Houston College of Education Information and Career Counselling

Australia's visa changes to support international students

Bringing in $40 billion dollars annually and supporting a further 250,000 jobs, it is no surprise that International students contribute massively to Australia’s economy and community. Due to its unquestionable influence the Australian federal government has been making various plans and easing some regulations in order to resuscitate the market after the COVID-19 border closure.

The Morrison government previously relaxed work restrictions for international students working in the health, aged and disability care sectors during the COVID-19 pandemic. It has also been flexible in cases where international students haven’t been able to meet their visa conditions like not being able to attend classes in person due to the COVID-19 pandemic. 

Along with the existing measures Australia has made these following changes to assist and to remain a highly desired destination for international students.

  • Recommencement of granting student visas in all locations lodged outside Australia, allowing students to acquire visa early and make arrangements to travel when the border reopens.
  • In case students are unable to complete their studies within the original visa duration due to COVID-19, they will be able to lodge a further student visa application free of charge (visa application fee waiver).
  • International students studying online offshore due to COVID-19 restrictions will be able to use that study count for the requirements of a post-study visa.
  • Graduates who hold a study visa are eligible to apply for a post study visa outside Australia if they are unable to return due to COVID-19.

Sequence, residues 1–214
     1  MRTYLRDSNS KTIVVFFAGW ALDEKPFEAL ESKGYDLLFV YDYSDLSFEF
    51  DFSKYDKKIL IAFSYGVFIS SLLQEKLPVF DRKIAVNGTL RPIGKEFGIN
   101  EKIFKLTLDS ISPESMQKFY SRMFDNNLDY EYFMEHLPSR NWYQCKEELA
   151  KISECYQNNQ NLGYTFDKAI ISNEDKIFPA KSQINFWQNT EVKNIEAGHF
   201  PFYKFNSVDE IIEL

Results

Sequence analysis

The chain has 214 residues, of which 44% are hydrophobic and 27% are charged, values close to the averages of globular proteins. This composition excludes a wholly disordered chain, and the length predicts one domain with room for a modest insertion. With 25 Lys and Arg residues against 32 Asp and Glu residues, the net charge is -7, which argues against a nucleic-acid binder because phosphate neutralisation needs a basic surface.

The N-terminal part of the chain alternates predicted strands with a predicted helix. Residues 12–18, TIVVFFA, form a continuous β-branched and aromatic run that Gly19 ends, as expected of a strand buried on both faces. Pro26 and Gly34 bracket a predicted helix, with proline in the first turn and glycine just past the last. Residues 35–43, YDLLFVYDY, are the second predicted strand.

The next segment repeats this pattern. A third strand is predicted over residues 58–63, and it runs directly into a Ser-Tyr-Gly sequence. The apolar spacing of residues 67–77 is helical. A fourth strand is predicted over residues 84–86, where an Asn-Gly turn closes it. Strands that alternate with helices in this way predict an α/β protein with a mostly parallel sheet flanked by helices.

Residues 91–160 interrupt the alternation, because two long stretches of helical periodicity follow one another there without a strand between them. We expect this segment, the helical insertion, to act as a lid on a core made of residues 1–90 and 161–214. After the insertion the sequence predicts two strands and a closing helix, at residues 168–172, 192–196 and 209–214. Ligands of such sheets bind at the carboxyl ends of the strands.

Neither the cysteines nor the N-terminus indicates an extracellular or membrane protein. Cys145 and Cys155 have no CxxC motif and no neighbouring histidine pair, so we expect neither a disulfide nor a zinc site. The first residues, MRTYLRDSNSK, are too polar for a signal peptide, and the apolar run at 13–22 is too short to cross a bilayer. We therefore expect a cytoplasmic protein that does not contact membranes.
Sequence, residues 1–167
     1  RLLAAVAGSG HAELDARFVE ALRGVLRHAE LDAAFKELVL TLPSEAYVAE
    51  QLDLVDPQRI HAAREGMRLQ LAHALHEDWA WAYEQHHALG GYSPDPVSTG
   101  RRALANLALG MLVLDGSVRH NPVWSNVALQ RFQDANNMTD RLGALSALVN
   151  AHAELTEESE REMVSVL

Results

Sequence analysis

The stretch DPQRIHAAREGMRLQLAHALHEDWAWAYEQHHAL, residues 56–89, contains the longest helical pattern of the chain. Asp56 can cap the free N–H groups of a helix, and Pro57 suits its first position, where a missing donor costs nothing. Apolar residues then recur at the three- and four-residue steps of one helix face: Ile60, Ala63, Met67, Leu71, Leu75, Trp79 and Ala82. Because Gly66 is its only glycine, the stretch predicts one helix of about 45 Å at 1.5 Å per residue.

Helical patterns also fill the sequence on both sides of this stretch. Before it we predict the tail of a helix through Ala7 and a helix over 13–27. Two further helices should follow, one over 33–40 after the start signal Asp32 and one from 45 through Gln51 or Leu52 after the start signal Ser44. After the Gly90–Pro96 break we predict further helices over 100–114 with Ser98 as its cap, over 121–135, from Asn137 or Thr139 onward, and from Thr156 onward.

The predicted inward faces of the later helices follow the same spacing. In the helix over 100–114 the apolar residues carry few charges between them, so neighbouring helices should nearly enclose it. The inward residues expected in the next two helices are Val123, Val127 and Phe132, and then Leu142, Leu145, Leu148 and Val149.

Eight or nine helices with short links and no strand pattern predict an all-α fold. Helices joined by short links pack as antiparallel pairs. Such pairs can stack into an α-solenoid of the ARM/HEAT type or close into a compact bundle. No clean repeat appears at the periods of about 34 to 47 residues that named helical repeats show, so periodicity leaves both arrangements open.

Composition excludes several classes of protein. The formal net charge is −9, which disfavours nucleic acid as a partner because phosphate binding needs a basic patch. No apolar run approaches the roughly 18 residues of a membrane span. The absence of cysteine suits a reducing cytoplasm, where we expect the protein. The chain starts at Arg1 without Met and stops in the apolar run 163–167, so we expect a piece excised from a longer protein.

• Extra time will be provided in cases where the applicant’s English Language result has been delayed due to COVID-19 disruption.
  • Additional grants and monetary support worth more than $37 million dollars for international students studying in Australia, $9 million of which will be offered in form of grants allocated for institutions offering intensive English Language Courses for overseas students.
  • International students in Australia employed at supermarkets will be allowed to work more than the usual 40-hour fortnightly cap.

Australia’s acting immigration minister, Alan Tudge said “These measures back the international education sector – our fourth largest export sector – and will assist its recovery”, further highlighting the importance of it.

While it is clearly in their immediate interest to reinvigorate its international student sector, it is highly encouraging to see Australia trying to help out aspiring international students who have been in limbo due to COVID-19 and the increasing number of its variants.